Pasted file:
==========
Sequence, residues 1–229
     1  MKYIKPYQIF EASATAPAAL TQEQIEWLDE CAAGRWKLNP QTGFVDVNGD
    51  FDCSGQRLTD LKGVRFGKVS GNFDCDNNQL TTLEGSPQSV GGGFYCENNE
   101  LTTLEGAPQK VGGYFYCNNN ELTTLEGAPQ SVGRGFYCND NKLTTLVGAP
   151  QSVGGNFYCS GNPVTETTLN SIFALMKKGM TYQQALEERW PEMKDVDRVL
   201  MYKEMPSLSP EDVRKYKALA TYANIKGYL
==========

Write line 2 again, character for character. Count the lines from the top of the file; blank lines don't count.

     1  MKYIKPYQIF EASATAPAAL TQEQIEWLDE CAAGRWKLNP QTGFVDVNGD